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Willie Roaf: Clifton Roaf broke down while presenting his son, the offensive tackle who anchored lines for the New Orleans Saints and Kansas City Chiefs. We were reminded of Roaf’s nickname in New Orleans — Gilligan’s Island — for his ability to swallow up defensive linemen in a storm … and make them disappear. Roaf was a scary man on the field, but he was all love tonight. He closed by thanking his mother, Andree Layton Roaf, who passed away in 2009: “No, mom, I did not become a doctor, a lawyer or a brain surgeon, but I did become a Pro Football Hall of Famer, and I know you’re proud of me.”

Watch him go. This past Thursday. The practice fields at Missouri Western State University. Charles catches a pass, plants and zips toward the sideline. The knee does not buckle, and it does not hurt. He keeps running until the whistle blows.

This is a glimpse of the old Jamaal Charles — before the injury. This is one of the things he trained for. Doesn’t matter how quickly his legs are moving. These are baby steps.

After surgery, about a month after suffering the injury, Charles began rehabilitating his knee twice a day in Pensacola, Fla. He would rise early, enduring stretches and strength exercises, some of them painful, and sure, he said, there were days he just wanted to remain in bed.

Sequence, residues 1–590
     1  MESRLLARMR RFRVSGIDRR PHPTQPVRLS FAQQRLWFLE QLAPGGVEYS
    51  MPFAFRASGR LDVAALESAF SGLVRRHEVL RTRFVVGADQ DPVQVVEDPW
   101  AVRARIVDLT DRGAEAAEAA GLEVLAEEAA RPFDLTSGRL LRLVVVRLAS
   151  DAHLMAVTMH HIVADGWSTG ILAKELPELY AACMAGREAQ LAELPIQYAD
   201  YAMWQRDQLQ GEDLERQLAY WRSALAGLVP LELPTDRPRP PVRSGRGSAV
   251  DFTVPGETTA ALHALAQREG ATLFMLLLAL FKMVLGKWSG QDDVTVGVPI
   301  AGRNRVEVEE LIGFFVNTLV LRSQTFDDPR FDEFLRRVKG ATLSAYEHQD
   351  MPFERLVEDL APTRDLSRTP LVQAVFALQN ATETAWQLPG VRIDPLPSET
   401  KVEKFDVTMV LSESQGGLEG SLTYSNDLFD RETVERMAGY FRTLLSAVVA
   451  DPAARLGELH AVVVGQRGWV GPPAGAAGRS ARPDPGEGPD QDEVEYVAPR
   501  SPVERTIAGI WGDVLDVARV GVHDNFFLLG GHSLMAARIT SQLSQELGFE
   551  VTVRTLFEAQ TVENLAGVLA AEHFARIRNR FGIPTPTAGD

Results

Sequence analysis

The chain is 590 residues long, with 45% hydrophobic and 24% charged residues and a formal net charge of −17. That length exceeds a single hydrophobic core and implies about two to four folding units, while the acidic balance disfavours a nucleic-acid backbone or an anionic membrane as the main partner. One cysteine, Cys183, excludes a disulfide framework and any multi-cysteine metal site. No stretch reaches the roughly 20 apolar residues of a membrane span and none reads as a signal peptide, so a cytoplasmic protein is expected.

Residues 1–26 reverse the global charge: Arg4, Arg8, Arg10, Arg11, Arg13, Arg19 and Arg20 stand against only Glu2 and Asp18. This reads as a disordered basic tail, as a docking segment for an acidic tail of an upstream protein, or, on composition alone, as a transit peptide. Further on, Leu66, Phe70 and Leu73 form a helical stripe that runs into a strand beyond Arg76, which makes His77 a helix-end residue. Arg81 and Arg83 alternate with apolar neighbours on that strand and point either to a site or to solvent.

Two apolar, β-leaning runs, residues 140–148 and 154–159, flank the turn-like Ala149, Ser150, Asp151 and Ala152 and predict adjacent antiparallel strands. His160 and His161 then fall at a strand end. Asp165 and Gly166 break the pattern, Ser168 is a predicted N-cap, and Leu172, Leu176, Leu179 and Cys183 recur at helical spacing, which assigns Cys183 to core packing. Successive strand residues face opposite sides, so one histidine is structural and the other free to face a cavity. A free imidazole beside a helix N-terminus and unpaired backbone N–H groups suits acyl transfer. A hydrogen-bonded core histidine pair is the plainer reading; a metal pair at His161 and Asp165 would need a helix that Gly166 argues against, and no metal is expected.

“I had to want to be back on top again,” he said. “I had to do all the right things.”

“From a defensive standpoint, having to defend all of those different looks with one personnel group makes it tough, so you have to decide, do you want to play your regular defense versus those guys or do you want to play your sub defense versus that group,” Chiefs head coach Romeo Crennel explained.

“That makes it tough because they can do whatever they want. If you put your regular defense out there, they’ll probably throw it a little bit more. If you put your sub out there, they’ll probably run it a little bit more. That’s the dilemma that you face.”

McCluster participates in drills with the wide receivers, not the running backs. In team work, he lines up as a slot receiver in most formations and splits wide in others. He occasionally gets a carry on a sweep or a reverse and sees work as a quarterback in the wildcat. And he’s also a prime candidate to return kicks and punts.

So where does head coach Romeo Crennel like McCluster the most?

“In the end zone,” said Crennel, with a hearty laugh. “That’s where I like him best.”

“We have confidence,” Chiefs defensive end Glenn Dorsey said. “We have a lot of guys coming back, a lot of guys got healthy. We want to build on what we did last year. We feel like we had the right guys in the right places.”

Eight of those players account for the majority of the experience: linebacker Tamba Hali (95 starts), linebacker Derrick Johnson (93), defensive lineman Glenn Dorsey (61), cornerback Brandon Flowers (59), linebacker Jovan Belcher (34), defensive lineman Tyson Jackson (31), safety Kendrick Lewis (26) and safety Eric Berry (26).

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